A struggling chemical-industry museum in Manchester, UK, is undergoing a revamp in an attempt to attract more young visitors.

A struggling chemical-industry museum in Manchester, UK, is undergoing a revamp in an attempt to attract more young visitors.


The government-regulated Millennium Commission granted ?663 000 to the museum, Catalyst, following initial funding of ?250 000 from the North West Development Agency. The money will be used to instigate major changes at the museum, including a wider scope that will encompass life sciences and pharmaceuticals.

The museum’s reinvention brings with it a new name: Catalyst Science Discovery Centre (CSDC). Facilities will be upgraded to include Imax style screens, modern labs and interactive virtual-reality tours of two major local chemical plants.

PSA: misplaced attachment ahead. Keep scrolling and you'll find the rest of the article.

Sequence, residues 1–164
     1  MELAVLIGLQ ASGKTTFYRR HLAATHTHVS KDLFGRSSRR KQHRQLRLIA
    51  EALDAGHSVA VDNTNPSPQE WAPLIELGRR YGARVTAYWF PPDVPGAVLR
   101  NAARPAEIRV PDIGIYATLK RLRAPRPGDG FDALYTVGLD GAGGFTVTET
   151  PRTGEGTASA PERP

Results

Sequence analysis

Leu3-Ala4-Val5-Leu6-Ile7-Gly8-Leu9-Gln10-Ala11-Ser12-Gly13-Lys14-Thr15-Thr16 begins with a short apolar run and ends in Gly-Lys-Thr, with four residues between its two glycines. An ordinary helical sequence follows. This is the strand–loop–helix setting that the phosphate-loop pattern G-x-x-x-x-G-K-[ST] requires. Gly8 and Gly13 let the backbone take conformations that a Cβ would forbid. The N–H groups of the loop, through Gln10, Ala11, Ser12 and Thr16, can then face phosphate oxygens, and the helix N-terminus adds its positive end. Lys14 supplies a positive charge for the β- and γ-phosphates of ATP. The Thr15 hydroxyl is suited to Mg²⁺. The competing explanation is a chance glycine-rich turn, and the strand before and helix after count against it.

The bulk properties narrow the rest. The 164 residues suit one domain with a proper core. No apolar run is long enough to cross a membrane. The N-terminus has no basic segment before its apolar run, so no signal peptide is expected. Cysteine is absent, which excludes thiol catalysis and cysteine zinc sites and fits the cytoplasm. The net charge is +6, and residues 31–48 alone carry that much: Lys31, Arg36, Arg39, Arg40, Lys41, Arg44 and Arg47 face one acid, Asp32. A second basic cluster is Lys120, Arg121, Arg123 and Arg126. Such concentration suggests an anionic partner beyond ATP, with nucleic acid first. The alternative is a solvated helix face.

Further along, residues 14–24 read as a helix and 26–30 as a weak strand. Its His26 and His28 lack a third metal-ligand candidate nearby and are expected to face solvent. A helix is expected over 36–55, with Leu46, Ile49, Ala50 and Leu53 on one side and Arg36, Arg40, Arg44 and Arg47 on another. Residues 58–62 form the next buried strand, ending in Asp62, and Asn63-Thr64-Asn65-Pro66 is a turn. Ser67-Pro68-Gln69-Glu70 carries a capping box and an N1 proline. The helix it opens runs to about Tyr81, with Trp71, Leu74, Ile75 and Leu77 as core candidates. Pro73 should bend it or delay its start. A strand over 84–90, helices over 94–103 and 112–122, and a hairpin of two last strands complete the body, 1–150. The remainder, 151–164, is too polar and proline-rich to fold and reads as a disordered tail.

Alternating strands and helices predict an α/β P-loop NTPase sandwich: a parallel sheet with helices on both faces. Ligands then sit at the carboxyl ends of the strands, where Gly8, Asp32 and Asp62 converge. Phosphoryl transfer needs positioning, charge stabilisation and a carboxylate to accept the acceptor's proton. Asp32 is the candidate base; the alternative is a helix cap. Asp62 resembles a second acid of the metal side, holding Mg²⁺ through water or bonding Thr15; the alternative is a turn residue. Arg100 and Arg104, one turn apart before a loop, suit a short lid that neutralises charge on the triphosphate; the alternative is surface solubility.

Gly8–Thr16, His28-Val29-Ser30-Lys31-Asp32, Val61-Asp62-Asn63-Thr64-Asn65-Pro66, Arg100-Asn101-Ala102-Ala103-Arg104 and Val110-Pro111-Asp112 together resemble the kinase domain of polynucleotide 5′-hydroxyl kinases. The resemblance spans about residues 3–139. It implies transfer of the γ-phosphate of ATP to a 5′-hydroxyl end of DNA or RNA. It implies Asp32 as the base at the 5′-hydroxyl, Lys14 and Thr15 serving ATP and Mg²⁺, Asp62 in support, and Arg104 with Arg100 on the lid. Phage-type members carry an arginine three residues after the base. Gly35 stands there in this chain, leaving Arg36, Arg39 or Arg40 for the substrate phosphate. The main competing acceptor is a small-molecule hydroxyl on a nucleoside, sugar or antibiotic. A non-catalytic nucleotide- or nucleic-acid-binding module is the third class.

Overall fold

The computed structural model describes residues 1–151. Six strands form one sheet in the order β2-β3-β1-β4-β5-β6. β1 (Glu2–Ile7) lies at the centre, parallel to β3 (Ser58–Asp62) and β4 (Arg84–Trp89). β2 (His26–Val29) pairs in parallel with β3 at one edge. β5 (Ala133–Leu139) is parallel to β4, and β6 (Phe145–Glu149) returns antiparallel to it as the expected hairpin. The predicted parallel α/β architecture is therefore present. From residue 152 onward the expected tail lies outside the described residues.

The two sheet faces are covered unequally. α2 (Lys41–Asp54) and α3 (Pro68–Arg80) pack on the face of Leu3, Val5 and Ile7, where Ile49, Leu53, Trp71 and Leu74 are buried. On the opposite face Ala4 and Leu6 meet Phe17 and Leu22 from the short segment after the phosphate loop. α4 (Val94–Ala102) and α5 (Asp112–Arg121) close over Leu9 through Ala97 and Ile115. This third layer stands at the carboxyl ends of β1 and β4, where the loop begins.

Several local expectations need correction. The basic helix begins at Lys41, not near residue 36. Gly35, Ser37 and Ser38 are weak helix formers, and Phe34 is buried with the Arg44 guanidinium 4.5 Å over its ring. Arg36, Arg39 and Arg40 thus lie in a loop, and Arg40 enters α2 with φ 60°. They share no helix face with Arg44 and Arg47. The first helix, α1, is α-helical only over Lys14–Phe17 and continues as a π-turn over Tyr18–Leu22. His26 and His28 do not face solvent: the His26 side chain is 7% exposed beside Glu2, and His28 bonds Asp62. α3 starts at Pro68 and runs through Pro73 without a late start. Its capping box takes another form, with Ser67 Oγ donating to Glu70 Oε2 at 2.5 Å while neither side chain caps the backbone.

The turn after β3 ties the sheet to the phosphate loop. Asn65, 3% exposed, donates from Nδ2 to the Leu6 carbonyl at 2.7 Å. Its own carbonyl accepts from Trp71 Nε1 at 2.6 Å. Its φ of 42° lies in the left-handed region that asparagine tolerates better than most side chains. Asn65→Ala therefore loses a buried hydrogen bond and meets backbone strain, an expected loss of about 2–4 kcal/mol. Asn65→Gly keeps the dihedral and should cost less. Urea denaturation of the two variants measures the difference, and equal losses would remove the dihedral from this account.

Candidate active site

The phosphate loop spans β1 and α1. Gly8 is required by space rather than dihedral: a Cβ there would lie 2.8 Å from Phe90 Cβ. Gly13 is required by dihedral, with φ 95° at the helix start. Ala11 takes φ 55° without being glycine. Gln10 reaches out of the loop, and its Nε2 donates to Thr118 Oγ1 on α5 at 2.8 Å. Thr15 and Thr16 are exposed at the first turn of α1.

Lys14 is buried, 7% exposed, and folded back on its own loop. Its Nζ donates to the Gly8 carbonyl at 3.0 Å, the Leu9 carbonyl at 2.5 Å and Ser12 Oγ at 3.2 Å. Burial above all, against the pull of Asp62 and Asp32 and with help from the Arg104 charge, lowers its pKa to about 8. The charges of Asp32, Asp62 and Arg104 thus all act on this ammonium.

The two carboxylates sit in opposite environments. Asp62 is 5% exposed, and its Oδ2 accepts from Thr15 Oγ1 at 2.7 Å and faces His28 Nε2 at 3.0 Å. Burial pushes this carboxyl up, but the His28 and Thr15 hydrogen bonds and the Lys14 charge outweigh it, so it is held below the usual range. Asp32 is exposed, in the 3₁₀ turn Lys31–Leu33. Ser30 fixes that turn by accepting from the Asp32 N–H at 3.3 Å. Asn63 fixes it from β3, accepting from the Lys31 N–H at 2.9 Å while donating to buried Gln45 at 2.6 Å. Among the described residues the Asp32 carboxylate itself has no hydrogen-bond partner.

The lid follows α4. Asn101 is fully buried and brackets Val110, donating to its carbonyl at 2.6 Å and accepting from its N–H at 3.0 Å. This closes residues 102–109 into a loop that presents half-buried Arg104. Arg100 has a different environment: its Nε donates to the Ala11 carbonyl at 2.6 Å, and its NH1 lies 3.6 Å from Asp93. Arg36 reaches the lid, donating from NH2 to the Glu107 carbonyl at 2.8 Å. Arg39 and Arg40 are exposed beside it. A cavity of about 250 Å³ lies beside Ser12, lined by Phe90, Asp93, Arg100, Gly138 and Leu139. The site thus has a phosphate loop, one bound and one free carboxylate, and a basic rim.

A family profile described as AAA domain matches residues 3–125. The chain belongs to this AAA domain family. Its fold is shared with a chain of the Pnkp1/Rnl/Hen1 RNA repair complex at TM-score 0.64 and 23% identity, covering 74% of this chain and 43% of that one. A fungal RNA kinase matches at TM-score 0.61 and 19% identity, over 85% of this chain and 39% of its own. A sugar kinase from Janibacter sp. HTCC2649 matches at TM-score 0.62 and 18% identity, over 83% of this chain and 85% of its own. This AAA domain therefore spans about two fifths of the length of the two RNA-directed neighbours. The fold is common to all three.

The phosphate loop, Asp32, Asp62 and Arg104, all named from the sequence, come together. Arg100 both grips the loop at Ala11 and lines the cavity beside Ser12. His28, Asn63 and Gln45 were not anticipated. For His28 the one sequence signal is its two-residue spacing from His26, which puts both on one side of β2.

Paul O’Brien, head of the school of chemistry at the University of Manchester, is a trustee of the museum. ’The museum had a very successful start and won several awards over the years but a lack of investment in infrastructure and a more modern approach to museum activities was lacking,’ O’Brien told Chemistry World. ’Consequently the numbers of visitors and the enthusiasm of schools to visit were falling.’ 

Trustees of the new-look CSDC hope to attract more people to science as a career, said O’Brien. But he doesn’t expect a significant change in applicants to read chemistry at Manchester: ’hoping for a direct yield is too much,’ he said. The trustees also hope that more people will pursue science careers at all skill levels, he said, as technicians or medical laboratory officers, for example. 

Katharine Sanderson